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Wednesday, July 2, 2014 by Elizabeth Pagano
City Finance Committee compares notes with CapMetro on rail costs
With an upcoming rail bond election almost certainly on the horizon, the city continues to take a closer look at what a new urban rail system might mean. A special called meeting gave the Austin City Council’s Audit and Finance Committee a chance to meet with the Capital Metro Finance Committee Monday and go over the agency’s finances, as well as the projected costs of continued operation of urban rail.
Initial projections put those ongoing costs at about $22 million annually. Capital Metro will handle a sizable chunk of it, with the city lending support. The level of the city’s financial support remains undetermined.
“We are going to potentially be partners in the Project Connect endeavor,” said Audit and Finance Chair Mayor Pro Tem Sheryl Cole. “If we are going to be partners, we need to take some time to understand Capital Metro financing, long-term planning and, in particular, operating costs related to urban rail.”
Capital Metro compared the relative costs of operations and maintenance for other cities’ rail systems. While that data showed Austin was on the low end of cost per rider, it compared future estimated costs for Austin with current costs in other cities. Moreover, as noted by Council Member Laura Morrison, the chart calculated that figure based on projected 2022 costs and projected 2030 ridership.
“It’s a little bit mixed bag,” said Austin Transportation Department’s Scott Gross. He explained they selected 2022 because it was the opening year. As for ridership, Gross said they chose 2030 because determining future ridership is a complicated process. The city had those horizon figures on hand for the Federal Transit Administration.
That time-traveling scenario calculated that with annual operating costs of $15.50 million and annual ridership at 5.9 million, the annual Operations and Maintenance cost would be $2.65 per rider.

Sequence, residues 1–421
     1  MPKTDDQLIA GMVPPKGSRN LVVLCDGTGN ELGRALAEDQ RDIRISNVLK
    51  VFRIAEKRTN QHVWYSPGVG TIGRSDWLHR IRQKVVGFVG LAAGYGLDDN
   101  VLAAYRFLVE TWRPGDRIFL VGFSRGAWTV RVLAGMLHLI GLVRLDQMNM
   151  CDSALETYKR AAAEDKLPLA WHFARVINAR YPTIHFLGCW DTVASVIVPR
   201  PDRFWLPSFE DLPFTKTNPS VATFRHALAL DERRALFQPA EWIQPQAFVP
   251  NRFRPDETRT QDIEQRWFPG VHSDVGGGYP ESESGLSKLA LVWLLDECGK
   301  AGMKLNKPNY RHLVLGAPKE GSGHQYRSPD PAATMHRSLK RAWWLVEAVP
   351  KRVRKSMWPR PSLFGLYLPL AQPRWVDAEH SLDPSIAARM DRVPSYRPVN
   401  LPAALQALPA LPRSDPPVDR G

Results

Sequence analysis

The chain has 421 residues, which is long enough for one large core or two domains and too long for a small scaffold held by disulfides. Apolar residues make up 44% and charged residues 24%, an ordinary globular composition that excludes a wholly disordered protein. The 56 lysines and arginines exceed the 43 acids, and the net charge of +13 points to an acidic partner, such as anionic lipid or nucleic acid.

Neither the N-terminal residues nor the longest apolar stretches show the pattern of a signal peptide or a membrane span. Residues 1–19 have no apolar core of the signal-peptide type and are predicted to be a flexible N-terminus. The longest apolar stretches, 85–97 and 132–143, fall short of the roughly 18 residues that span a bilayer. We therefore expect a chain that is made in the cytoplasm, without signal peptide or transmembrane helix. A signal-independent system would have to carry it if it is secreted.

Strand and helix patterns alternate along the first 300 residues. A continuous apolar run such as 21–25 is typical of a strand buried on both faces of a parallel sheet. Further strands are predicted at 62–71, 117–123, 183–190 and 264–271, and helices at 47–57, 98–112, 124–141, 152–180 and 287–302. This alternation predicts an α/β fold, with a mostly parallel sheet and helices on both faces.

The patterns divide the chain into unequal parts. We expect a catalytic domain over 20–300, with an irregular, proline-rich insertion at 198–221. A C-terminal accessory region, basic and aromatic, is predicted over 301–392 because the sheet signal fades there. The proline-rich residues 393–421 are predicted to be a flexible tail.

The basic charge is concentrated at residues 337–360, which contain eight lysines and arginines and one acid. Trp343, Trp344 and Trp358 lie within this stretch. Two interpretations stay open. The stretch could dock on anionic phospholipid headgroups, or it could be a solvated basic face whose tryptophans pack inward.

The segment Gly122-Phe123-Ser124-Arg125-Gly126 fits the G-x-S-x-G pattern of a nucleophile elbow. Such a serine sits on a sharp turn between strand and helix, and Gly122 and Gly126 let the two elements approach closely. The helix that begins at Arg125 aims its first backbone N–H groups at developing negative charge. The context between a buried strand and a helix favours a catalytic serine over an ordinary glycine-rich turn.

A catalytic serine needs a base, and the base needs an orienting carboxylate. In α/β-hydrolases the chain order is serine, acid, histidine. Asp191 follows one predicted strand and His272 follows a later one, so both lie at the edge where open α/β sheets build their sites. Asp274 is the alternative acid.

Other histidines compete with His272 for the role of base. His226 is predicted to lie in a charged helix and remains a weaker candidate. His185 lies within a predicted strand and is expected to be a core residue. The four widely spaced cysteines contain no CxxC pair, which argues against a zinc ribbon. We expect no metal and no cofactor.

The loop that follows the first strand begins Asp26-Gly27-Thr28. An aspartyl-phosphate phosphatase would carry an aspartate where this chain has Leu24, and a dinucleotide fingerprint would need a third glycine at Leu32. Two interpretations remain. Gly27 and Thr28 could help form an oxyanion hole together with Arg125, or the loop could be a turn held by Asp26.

Austin Urban Rail Action’s Dan Keshet questioned whether those predictions would prove accurate.
“Projections are an art, more than a science,” said Keshet. “It’s hard enough to figure out some of these numbers for the past.”
Keshet points to Capital Metro’s MetroRail, which cost much more to build than initially projected. Operations and Maintenance costs have also proved to be about double original estimates, with annual costs at about $13 million instead of the promised $6 million.
That has led to a high cost per rider for the MetroRail, which Keshet puts at about $18.50. He compares that to the per rider cost for buses, which he says is at about $3.50.
Though people may question the figures, there is no one questioning whether a new rail line will cost something. The meeting was also a chance to look into where that future money might come from.
On their end, Capital Metro is planning to finance the central corridor rail operation through a combination of new fare revenue, 5307 federal grants and operational savings.
Capital Metro officials explained that the city could contribute through a combination of parking revenue and Capital Metro’s “1/4 cent funds.” Those funds are a holdover from the failure of a previous rail bond failure. Capital Metro has about $20 million to pay back of that amount, and suggested it could be rerouted back to a successful rail package. Currently, the city finances other transportation-related projects with that money.
Parking revenue, which brings in about $10 million in gross revenue for the city, was another source of funding identified in the discussion. Though Transportation Director Robert Spillar was unable to provide a hard number for how much of that money the city nets, he did explain that the revenue currently goes toward downtown improvements, investments in the Downtown Austin Alliance and debt service toward the parking meters.
The joint committee also discussed the possibility of naming rights and advertising on the rail and value capture, in the form of a Public Improvement District or another funding mechanism that would finance the rail through its beneficiaries.
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Key Players & Topics In This Article
AURA: This organization started as an advocacy group organized around the city of Austin's November 2014 urban rail bond election. Its members have since announced their intention to broaden the focus of their work to include other issues. Its membership still holds a largely New Urbanist set of views.
CapMetro: Capital Metro provides bus and MetroRail (Red Line) service for the Austin region. It's governed by a seven-member board appointed by various governing entities, including City Council members. CapMetro is also governed by a President and CEO.
Laura Morrison: Former City Council Member
Public Improvement District: A special tax area. Property owners in the area pay a supplemental tax that goes toward extended city services in the area.
Sheryl Cole: A former Austin City Council Member, first elected in 2006. She was the first female African-American member of the body, Cole also served as Mayor Pro Tem.